Inside the First Oscars of the Season – Vanity Fair

Posted: November 1, 2019 at 10:46 am

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We actually just had Tracy Letts in here earlier in the day and he kind of said something similar where he was like, I dont have any plan, I dont know.

Thats great to hear because Im a big fan of his, so Im glad hes working the same angle. But yeah, I think that, if you think too much about it, youll end up kind of putting yourself in a box that you dont need to be in. I never thought that I would be on West Wing when I was 17, that was not my plan. And there was, and it was an incredible experience. I never thought that Id be on Mad Men for seven years, like this show about advertising in the 60s than I never thought that was going to be what it was. Yeah. So I kinda have this thing of like, Well, you didnt plan that and that worked out, so maybe, you know, dont worry about it too much.

How much in your workthis is obviously a really intense up-close emotional piece. Not that Handmaids isnt, but him, he is also has all the broader weight of like politics kind of on its shoulders and stuff like that. When you approach something youre doing, how much of the outside world are you bringing to bear? I mean, do you feel like youre processing the world through your work. Do you think of it in those kinds of therapeutic terms?

Yeah, sometimes. Not all the time. Handmaids is so literal sometimes. That would be probably my biggest experience with some things going on in the world outside that everyone is experiencing and in all walks of life and Im doing something that I feel like is very parallel to that, and exercising my own feelings about it. And you know, my own opinions and emotions and that would be like the closest Ive gotten to that. Other than that, and this happens even on Handmaids too, I try to approach it from personal, not political. With Peggy, you know, I never thought of her as a girl in the 60s. I thought of her as a woman of any time, of any age who was dealing with the situation that she was dealing with. And that was my sort of way into her and to make her relatable. Same with June, you know, shes a mother and a wife and a woman and shes dealing with the situations the way that I think that this person would deal with them. And so I kind of try to make it a little bit more intimate, I guess, than thinking, Oh, Im going to tie in, you know, the world's problems into this character.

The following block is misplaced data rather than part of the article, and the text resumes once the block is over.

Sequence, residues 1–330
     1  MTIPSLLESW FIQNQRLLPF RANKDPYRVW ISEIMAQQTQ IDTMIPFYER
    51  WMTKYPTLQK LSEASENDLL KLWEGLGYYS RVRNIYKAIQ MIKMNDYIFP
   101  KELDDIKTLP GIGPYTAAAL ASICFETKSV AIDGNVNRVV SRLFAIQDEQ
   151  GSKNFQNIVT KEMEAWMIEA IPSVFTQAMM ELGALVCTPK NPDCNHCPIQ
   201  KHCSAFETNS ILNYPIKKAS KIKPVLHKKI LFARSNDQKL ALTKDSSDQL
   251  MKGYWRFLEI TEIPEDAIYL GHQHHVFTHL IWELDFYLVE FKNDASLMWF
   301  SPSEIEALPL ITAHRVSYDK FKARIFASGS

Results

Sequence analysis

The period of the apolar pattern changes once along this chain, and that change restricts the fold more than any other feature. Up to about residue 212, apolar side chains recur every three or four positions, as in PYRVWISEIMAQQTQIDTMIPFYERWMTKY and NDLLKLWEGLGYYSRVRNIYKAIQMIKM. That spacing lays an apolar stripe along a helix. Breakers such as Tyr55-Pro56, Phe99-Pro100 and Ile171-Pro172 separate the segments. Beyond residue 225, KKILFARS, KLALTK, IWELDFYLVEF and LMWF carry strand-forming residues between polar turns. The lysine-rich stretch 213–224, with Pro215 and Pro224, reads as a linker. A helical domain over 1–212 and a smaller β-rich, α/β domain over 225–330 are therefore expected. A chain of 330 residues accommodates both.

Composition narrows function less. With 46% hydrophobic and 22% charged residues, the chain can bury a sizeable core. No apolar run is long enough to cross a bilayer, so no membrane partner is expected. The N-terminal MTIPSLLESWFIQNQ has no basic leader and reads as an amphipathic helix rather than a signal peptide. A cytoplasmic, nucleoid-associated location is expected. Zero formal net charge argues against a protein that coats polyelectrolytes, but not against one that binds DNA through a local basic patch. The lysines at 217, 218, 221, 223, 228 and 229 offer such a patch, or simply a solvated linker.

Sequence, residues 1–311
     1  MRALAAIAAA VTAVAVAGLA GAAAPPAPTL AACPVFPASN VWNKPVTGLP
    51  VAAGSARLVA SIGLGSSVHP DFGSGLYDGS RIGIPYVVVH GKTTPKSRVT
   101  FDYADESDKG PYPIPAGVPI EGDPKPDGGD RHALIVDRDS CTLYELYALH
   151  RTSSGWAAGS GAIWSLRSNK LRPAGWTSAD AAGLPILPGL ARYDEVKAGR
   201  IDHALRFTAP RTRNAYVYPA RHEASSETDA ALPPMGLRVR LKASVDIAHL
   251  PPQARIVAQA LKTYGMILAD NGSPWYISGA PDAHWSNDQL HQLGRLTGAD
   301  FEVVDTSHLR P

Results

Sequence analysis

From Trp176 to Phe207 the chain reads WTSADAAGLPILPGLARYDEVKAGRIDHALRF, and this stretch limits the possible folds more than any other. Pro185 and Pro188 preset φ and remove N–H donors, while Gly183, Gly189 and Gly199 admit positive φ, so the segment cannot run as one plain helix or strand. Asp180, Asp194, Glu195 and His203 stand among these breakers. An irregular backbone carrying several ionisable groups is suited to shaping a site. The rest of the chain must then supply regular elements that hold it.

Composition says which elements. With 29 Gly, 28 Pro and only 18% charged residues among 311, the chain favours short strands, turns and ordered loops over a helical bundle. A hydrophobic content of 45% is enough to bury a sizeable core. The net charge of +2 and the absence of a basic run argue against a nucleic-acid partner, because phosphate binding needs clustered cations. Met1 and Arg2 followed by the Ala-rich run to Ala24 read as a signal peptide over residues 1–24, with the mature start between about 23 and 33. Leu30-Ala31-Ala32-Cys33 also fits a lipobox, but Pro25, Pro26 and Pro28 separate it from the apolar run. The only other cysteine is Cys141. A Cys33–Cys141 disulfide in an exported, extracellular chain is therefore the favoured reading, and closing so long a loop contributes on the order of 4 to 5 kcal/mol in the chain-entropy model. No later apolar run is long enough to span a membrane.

Watching Her Smell again, and I think the first time too, I kept thinking about a movie Id seen not too long before that, which was a movie called Madelines Madeline, a Josephine Decker film. And then I looked at your IMDb and I was like, Oh, shes working with her. That makes total sense. Can you talk a little bit about Shirley, where you play Shirley Jackson?

Yeah. Yeah. Thats also a really interesting different kind of movie. Its a brilliant script by writer named Sarah Gubbins, she just wrote this like the one of the best scripts Ive ever read. And then Josephine came in and kinda like turned it into her own sort of strange, magical film. Its one sort of a section of Shirleys life. We didnt want it to be a biopic. Theres stuff that weve kind of fudged and fictionalized that isnt exactly accurate. But what we did was try to follow the emotion of it, try to represent who Shirley is. And Stanley, her husband whos played by Michael Stuhlbarg, its really just as much about him as it is her. And just show this slice of their life, this slice of this marriage and this slice of what it was like to be that writer. She had a lot going on in her head. She was an addict. She was a very difficult person in a very difficult marriage. Stanley was the same. She was a very complicated artist. What Sarah did so brilliantly I think was just sort of make you feel like what it wouldve been to be like to be in Shirleys head for a little while. And it follows the parallel of her writing a book called Hangsaman, which was after The Lottery came out. So shes dealing with a lot of the press from that, a lot of blowback from that. People were very upset about that story.

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Inside the First Oscars of the Season - Vanity Fair

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November 1st, 2019 at 10:46 am